CIOs Spend a Third of Their Time On Security ( 110

StewBeans writes: Much has been discussed about the potential security risks of an Internet of Things future in which billions of devices and machines are all talking to each other automatically. But the IoT market is exploding at a breakneck pace, leaving all companies scrambling to figure out the security piece of the puzzle now, before it's too late. In fact, some experts believe this issue will be what separates the winners from the losers, as security concerns either stop companies from getting into the IoT market, or delay existing IoT projects and leave the door open to swifter competition. That's likely why, according to CIO Magazine's annual survey, CIOs are spending a third of their time on security. Adam Dennison from CIO said, "If IT leaders want to embrace the sexy, new technologies they are hearing about today—the SMAC stack, third platform, Internet of Things, etc—security is going to be upfront and at the center of the discussion."

The History of SQL Injection, the Hack That Will Never Go Away ( 193

An anonymous reader writes with this history of SQL injection attacks. From the Motherboard article: "SQL injection (SQLi) is where hackers typically enter malicious commands into forms on a website to make it churn out juicy bits of data. It's been used to steal the personal details of World Health Organization employees, grab data from the Wall Street Journal, and hit the sites of US federal agencies. 'It's the most easy way to hack,' the pseudonymous hacker w0rm, who was responsible for the Wall Street Journal hack, told Motherboard. The attack took only a 'few hours.' But, for all its simplicity, as well as its effectiveness at siphoning the digital innards of corporations and governments alike, SQLi is relatively easy to defend against. So why, in 2015, is SQLi still leading to some of the biggest breaches around?"

Whistleblowers: How NSA Created the 'Largest Failure' In Its History ( 118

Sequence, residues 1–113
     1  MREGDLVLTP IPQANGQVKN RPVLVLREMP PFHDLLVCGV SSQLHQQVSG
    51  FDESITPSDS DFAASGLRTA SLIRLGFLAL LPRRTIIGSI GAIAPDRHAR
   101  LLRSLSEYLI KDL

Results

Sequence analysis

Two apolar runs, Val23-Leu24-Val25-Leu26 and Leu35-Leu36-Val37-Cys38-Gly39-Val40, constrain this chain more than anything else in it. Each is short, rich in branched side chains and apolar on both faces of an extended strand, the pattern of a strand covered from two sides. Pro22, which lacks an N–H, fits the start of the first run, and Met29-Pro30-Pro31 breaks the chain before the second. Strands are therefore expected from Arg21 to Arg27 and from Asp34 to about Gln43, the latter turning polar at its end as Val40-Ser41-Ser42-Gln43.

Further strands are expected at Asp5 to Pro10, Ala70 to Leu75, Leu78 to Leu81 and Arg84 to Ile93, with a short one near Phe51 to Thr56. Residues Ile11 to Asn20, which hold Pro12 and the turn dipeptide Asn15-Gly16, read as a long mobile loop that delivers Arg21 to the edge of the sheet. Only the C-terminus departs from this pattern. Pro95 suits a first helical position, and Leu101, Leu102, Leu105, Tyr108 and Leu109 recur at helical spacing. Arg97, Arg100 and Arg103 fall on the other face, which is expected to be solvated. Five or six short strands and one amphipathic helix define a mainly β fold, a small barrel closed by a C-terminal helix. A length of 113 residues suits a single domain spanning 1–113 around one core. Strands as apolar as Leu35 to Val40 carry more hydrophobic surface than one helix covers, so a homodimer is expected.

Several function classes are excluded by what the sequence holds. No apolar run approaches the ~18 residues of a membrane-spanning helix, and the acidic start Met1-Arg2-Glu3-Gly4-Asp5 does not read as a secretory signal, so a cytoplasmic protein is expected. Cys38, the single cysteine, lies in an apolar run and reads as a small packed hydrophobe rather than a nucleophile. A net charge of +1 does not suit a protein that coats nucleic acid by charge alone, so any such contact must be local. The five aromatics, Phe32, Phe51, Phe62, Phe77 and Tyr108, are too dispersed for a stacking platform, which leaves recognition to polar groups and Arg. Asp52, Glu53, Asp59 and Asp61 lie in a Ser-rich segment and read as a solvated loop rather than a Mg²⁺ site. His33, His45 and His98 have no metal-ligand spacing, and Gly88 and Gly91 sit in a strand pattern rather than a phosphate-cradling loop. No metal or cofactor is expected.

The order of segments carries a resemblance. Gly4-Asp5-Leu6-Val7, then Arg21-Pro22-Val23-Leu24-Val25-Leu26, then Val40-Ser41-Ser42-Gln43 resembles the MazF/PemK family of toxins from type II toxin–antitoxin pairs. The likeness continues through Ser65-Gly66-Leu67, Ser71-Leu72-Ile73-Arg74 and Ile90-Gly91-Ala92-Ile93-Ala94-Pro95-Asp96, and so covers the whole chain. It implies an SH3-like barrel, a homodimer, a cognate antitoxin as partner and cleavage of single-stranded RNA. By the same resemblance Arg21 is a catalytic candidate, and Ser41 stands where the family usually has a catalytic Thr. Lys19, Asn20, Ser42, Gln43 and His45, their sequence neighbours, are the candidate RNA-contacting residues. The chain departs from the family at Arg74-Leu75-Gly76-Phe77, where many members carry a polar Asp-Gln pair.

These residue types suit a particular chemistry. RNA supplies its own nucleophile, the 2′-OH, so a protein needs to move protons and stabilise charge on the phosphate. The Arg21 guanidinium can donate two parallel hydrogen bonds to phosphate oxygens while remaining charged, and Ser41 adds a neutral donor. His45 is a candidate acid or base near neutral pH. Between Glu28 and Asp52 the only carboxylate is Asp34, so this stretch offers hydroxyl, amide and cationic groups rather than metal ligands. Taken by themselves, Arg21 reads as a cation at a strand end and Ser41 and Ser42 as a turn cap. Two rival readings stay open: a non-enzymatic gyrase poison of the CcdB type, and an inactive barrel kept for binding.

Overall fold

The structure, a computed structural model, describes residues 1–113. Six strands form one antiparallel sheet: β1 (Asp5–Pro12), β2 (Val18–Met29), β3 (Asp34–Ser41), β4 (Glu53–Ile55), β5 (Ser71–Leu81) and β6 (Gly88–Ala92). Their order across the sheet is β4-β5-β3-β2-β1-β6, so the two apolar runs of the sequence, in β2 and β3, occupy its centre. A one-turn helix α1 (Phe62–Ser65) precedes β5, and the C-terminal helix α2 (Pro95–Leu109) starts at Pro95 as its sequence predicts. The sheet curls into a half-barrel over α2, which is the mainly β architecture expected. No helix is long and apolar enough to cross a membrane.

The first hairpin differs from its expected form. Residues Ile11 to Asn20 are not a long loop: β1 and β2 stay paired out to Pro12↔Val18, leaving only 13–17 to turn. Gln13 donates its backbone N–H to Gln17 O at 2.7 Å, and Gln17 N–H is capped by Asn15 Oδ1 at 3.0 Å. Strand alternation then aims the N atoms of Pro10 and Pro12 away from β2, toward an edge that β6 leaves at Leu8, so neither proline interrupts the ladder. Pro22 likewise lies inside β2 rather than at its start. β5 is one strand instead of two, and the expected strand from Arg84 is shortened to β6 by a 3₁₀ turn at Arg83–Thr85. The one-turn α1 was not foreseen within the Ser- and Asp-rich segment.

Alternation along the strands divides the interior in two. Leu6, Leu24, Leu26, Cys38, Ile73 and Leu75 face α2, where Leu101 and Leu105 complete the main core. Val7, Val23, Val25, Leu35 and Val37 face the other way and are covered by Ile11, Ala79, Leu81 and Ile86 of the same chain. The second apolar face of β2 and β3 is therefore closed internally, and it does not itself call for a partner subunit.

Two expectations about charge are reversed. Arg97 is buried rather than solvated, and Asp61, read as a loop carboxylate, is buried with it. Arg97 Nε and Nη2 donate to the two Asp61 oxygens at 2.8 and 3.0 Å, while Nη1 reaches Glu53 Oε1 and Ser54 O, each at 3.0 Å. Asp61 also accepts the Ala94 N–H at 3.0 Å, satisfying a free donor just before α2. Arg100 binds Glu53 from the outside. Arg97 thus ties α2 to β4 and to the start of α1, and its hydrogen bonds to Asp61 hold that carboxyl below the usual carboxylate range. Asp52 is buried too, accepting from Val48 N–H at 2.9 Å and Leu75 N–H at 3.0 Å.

An anonymous reader writes: Former NSA whistleblowers contend that the agency shut down a program that could have "absolutely prevented" some of the worst terror attacks in memory. According to the ZDNet story: "Weeks prior to the September 11 terrorist attacks, a test-bed program dubbed ThinThread was shut down in favor of a more expensive, privacy-invasive program that too would see its eventual demise some three years later -- not before wasting billions of Americans' tax dollars. Four whistleblowers, including a congressional senior staffer, came out against the intelligence community they had served, after ThinThread. designed to modernize the agency's intelligence gathering effort, was cancelled. Speaking at the premier of a new documentary film A Good American in New York, which chronicles the rise and demise of the program, the whistleblowers spoke in support of the program, led by former NSA technical director William Binney."

Blackberry Offers 'Lawful Device Interception Capabilities' ( 137

An anonymous reader writes: Apple and Google have been vocal in their opposition to any kind of government regulation of cell phone encryption. BlackBerry, however, is taking a different stance, saying it specifically supports "lawful interception capabilities" for government surveillance. BlackBerry COO Marty Beard as much at a recent IT summit. He declined to explain how the interception works, but he denied the phones would contain "backdoors" and said governments would have no direct access to BlackBerry servers. The company may see this as a way to differentiate themselves from the competition.